Linda Beck: What is a look-see?
I was watching a British movie one night when one man asked the other fellow: “May I have a look-see?” That term sounded strange to me at the time and “look-see” decided to reside in my brain as a possible story idea.
I thought about how in American English I might have said, “May I see that?” But I wasn’t exactly clear on what “look-see” might mean.
A few days later, I happened to come across a replica of the Dick and Jane series which were used to teach young children how to read. My friend, Debbie, had given me a reproduction of the book when we saw it in a store. I read back over it just for fun; it went like this “Look, see Dick run. Look, see Jane play.”
When my oldest daughter started school, I discovered the school system had discontinued use of those books as they are deemed too repetitive. Personally, I don’t think children learn to read as well without some repetition.
I know I learned to spell a lot of words by using repetition. For example: at, bat, cat, fat, mat, pat, rat, sat, tat, vat and other words like these. I have always loved to read, and spelling was one of my favorite subjects. I used to dream of learning to spell all the words in the dictionary and their meanings. I thought I was pretty good at spelling until I started coaching my oldest daughter with the words used in the National Spelling Bee. I had never heard of — and couldn’t even pronounce —some of those words.
I always loved reading to children. I would change my voice and make noises as if we were alive in the stories. As my girls got older, I had less time to read. I can remember times when I wanted to escape in a good novel, but our lives were so busy that other things were more important. Cleaning house, yard work, and cooking required time; reading fiction seemed less important.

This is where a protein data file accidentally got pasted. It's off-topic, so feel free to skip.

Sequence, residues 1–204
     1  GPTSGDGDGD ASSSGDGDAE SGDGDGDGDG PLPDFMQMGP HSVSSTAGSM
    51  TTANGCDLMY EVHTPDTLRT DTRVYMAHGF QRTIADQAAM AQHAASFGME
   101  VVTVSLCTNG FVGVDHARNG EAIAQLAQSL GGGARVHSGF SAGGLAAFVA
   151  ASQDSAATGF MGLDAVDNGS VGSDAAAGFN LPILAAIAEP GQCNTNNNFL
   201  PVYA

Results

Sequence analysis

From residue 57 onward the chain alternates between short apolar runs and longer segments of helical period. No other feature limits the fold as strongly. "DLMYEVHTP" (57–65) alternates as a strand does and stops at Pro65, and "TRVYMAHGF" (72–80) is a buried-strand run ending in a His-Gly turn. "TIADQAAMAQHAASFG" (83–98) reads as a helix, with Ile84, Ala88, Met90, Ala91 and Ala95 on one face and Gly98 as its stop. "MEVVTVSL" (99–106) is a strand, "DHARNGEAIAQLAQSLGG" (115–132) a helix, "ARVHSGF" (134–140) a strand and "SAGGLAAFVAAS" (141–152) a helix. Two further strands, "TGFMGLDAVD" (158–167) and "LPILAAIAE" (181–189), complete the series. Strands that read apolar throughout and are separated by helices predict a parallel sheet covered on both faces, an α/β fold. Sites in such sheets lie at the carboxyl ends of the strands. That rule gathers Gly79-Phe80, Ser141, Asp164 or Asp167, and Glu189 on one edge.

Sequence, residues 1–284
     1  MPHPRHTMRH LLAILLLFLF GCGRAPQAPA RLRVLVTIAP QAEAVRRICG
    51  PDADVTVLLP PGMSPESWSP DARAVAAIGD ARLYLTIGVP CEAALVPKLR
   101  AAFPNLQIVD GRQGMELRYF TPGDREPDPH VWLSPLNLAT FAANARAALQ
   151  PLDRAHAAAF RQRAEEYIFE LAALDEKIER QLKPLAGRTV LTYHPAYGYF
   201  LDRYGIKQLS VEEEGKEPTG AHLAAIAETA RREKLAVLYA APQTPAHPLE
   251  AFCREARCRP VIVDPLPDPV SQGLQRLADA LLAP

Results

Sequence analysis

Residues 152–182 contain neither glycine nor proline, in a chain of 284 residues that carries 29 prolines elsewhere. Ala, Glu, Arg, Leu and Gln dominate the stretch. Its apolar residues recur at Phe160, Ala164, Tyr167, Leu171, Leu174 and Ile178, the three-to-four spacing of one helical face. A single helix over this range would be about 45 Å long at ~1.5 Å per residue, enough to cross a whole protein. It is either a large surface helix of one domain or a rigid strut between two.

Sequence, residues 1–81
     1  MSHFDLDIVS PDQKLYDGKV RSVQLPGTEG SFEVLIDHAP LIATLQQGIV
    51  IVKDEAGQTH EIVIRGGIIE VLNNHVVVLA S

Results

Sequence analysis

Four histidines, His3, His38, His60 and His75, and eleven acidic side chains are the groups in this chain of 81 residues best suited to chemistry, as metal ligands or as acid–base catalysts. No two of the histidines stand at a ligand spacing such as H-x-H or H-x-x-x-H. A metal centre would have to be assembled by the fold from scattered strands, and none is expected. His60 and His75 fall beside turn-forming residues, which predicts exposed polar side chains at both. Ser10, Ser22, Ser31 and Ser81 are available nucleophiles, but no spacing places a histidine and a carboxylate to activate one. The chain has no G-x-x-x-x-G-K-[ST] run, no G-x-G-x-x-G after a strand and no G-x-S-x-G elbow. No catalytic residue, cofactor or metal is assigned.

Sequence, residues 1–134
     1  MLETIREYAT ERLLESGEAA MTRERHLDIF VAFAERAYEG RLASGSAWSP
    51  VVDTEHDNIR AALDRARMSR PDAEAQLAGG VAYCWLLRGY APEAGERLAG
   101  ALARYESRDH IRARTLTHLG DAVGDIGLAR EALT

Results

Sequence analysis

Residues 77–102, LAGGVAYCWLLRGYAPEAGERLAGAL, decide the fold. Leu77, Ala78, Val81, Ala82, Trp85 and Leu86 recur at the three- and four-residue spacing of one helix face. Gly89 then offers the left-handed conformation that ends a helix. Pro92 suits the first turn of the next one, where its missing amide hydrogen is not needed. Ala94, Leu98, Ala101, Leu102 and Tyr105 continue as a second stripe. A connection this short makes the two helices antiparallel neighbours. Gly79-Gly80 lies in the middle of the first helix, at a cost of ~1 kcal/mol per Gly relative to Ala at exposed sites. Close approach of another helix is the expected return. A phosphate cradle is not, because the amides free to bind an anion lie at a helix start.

After their father died and the girls moved out on their own, I devoted myself to reading the Bible through each of the following seven years. Then I began to read mostly true-life Christian stories and later Christian novels. I loved to read Janet Oake’s novels, especially after some were also made into TV movies.
Several of my friends are avid readers and share their books with me. Family and friends take books to and from the library and the librarians pull the books and hold them at the front desk to be picked up. When I had my van, they were so kind and considerate to bring the books outside to me. There were no parking spaces where I could put the ramp down without double parking.
In elementary school, I loved to read the Nancy Drew mysteries. Our small school library had limited numbers of certain books so it seemed as if we had to wait a long time for the new books to be available. Recently, I became interested in some mysteries and discovered the ones written by Sue Grafton. Those titles all begin with a letter of the alphabet and a definition. She has used all the letters of the alphabet as in “A is for Alibi.” At the time of this writing, I have read the books from A through M.
The purpose of this story began changing as I came across more and more words which I seldom use. For example, Grafton refers to a “lookie-loo,” a “set-to,” and some other interesting examples such as “willy-nilly,” “hidey-holes,” “tap-tapping,” “look-it,” “tee-hee,” “walkie-talkie,” “sashay,” “honey-tunes,” and an example of children arguing as in “did too, did not, did too.” I began to view her novels as grown-up adult Nancy Drew adventures. Before I got so involved reading these novels in alphabetical order, I had decided that I would take a “look-see” in my Bible. I figured that would be the best example of a “lookie-loo.” Then I was reminded of the latest new word which is “selfie.” Now I will close this column and each of you can discover the meaning of that word.
Linda Beck lives in Salisbury.
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